One recent example: A $4 billion federal loan forgiveness program for socially disadvantaged farmers and ranchers — including those who are Black — has been halted, the result of a lawsuit filed by white farmers who say that the relief is discriminatory.
For Gary Grant, a farmer from North Carolina, it’s the latest sign that the government isn’t doing enough to defend Black farmers.
“They’ve done nothing to build trust,” said Grant, founding president of the National Black Farmers and Agriculturalists Association, adding that “this government has been crooked where Black people are concerned.”
Decisions made by the U.S. Department of Agriculture and its agencies continue to perpetuate harm against Black farmers, forcing them to fear possible foreclosures, accumulate more debt, and face more mental and physical health concerns. The distrust creates a cycle of disadvantage: Discouraged by the history of discrimination, many refuse to participate in USDA programs, including submitting information about their farms to the Census of Agriculture, the accounting of U.S. farm land that informs federal funding and policy decisions.
“All of us will tell you Black farmers don’t fill it out, and they [USDA] probably would love for us to participate, but we don’t trust them,” Grant said.
Conducted every five years by the USDA’s National Agricultural Statistics Service, the Agriculture Census captures farmer and producer demographics, land ownership, income, and expenditures to create a complete count of all farms in the United States. The national nonresponse rate for the 2017 Census of Agriculture was nearly 14%, according to data from the USDA. By comparison, 31% of Black farms did not respond, the highest nonresponse rate among all races.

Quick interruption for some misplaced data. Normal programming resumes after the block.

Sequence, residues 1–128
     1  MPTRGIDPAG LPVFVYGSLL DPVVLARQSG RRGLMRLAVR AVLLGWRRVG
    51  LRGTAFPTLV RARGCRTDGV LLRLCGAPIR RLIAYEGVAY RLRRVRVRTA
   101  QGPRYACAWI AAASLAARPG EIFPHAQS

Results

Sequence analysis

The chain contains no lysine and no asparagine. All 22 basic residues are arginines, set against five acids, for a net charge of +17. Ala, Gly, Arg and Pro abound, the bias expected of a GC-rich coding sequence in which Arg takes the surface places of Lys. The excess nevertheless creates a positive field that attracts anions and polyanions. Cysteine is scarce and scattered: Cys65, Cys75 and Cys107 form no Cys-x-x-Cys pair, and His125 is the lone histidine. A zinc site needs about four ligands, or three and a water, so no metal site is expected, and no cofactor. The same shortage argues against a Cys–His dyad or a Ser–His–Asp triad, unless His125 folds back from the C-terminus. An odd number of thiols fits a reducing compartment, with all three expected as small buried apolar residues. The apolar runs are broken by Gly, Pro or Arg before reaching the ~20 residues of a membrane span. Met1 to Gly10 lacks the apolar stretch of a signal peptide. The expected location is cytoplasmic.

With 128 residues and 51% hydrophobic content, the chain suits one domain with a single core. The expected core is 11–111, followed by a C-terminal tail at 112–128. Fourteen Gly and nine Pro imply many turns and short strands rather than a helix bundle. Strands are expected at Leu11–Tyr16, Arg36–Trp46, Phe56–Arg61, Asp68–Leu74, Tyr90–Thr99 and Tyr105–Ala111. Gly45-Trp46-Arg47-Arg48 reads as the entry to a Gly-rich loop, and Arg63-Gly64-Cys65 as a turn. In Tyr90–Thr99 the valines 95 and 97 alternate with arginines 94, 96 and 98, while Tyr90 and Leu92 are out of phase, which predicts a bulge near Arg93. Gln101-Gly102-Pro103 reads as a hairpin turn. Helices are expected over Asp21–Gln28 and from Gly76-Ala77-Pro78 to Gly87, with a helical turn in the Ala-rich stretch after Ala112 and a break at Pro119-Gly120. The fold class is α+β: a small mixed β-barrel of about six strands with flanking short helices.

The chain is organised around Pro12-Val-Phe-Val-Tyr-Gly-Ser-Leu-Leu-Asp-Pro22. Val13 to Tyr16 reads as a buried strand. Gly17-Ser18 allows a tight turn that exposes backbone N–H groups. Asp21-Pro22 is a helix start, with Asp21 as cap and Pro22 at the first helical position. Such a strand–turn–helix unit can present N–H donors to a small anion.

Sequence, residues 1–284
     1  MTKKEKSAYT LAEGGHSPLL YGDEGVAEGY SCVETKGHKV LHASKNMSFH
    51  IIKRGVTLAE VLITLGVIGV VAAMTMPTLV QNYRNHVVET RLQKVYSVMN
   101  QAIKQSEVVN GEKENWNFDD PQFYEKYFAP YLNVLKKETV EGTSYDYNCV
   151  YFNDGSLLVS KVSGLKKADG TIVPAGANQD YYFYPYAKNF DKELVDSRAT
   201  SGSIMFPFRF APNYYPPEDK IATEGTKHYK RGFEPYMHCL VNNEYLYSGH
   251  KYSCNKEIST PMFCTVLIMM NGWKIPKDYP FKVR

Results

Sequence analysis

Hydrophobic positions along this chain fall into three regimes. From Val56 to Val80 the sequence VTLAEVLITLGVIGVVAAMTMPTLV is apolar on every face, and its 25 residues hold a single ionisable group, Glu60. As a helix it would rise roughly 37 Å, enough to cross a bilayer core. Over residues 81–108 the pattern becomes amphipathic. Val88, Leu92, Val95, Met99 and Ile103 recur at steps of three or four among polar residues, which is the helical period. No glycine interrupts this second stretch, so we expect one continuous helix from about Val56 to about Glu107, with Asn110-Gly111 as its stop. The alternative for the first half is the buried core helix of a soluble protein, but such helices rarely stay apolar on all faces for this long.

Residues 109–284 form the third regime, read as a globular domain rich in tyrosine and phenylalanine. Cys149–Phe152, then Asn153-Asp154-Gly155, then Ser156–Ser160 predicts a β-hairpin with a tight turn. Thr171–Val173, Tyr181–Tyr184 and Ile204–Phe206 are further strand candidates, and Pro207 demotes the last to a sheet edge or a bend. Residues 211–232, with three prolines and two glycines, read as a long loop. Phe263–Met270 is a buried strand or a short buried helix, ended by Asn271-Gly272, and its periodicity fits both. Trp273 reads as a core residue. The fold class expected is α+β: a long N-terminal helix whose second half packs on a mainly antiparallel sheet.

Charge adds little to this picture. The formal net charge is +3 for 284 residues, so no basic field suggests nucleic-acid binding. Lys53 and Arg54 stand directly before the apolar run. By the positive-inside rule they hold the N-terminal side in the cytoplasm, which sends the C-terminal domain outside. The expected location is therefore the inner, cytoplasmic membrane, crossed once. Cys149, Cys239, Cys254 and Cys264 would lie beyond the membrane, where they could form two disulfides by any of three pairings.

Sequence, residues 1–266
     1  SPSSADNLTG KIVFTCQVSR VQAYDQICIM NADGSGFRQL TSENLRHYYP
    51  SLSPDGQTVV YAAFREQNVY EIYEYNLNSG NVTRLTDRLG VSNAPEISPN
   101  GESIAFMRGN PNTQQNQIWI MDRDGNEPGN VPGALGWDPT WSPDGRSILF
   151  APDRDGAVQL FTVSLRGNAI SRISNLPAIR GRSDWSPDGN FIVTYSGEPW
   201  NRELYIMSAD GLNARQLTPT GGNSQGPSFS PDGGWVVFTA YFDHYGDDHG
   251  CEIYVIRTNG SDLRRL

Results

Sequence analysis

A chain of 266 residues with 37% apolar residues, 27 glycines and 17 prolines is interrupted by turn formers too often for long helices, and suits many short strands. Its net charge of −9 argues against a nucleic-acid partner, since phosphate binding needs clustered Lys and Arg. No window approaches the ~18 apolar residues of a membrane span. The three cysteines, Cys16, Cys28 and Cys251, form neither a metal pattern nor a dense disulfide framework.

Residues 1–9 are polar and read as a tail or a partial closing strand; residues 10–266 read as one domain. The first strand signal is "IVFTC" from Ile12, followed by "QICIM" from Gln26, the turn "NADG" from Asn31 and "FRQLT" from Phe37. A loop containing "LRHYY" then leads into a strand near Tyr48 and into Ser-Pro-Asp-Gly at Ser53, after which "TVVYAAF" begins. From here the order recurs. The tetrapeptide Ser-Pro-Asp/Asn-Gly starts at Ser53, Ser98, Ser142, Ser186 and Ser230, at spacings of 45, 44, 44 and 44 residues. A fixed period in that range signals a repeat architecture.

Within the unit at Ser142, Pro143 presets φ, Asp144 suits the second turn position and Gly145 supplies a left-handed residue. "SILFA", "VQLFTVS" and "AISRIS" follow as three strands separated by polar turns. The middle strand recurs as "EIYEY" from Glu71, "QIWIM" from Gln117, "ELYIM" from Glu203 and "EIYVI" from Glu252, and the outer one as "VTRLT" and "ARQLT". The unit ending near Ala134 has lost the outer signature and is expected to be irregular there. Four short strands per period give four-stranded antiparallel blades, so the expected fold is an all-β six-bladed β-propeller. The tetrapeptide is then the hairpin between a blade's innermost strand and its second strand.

The June 30 deadline to sign up to receive this year’s Agriculture Census form has passed, though the USDA maintains lists to make sure as many farmers receive it as possible, whether they signed up or not. The forms will be mailed in November, with a response deadline of February 2023. The data is slated to be released by the summer of 2024.
Some Black farmers worry that, in addition to the effects of historical inequities, the lack of information about Black businesses could result in less funding opportunities for them.
Some “don’t want to fill out the census form. They don’t want to put their names down on it because it brings attention to them and their farms,” said JohnElla Holmes, a farmer and executive director of the Kansas Black Farmers Association. They don’t want people “looking at their farms, what they’re producing, or know their expenses.”
But Holmes said she plans to participate because she wants to help.
“The only way [our voices are] going to be heard is if we’re in there voting and every one of your crops are counted,” she said. “That’s the only way that they can see that there is a disparity.”
The number of Black farms in the U.S. has been in decline. The most recent Agriculture Census, in 2017, showed that Black farmers operate less than 2% of the nation’s more than 2 million farms. And 48% of Black farmers had less than $2,500 in sales. But some believe that data is likely a slight undercount because of the low participation rate by farmers of color.
Aware of the tension, building trust with Black farmers is a priority for the Agriculture Department, said statistician Virginia Harris, noting that it’s important to ensure Black farmers are counted for the upcoming census.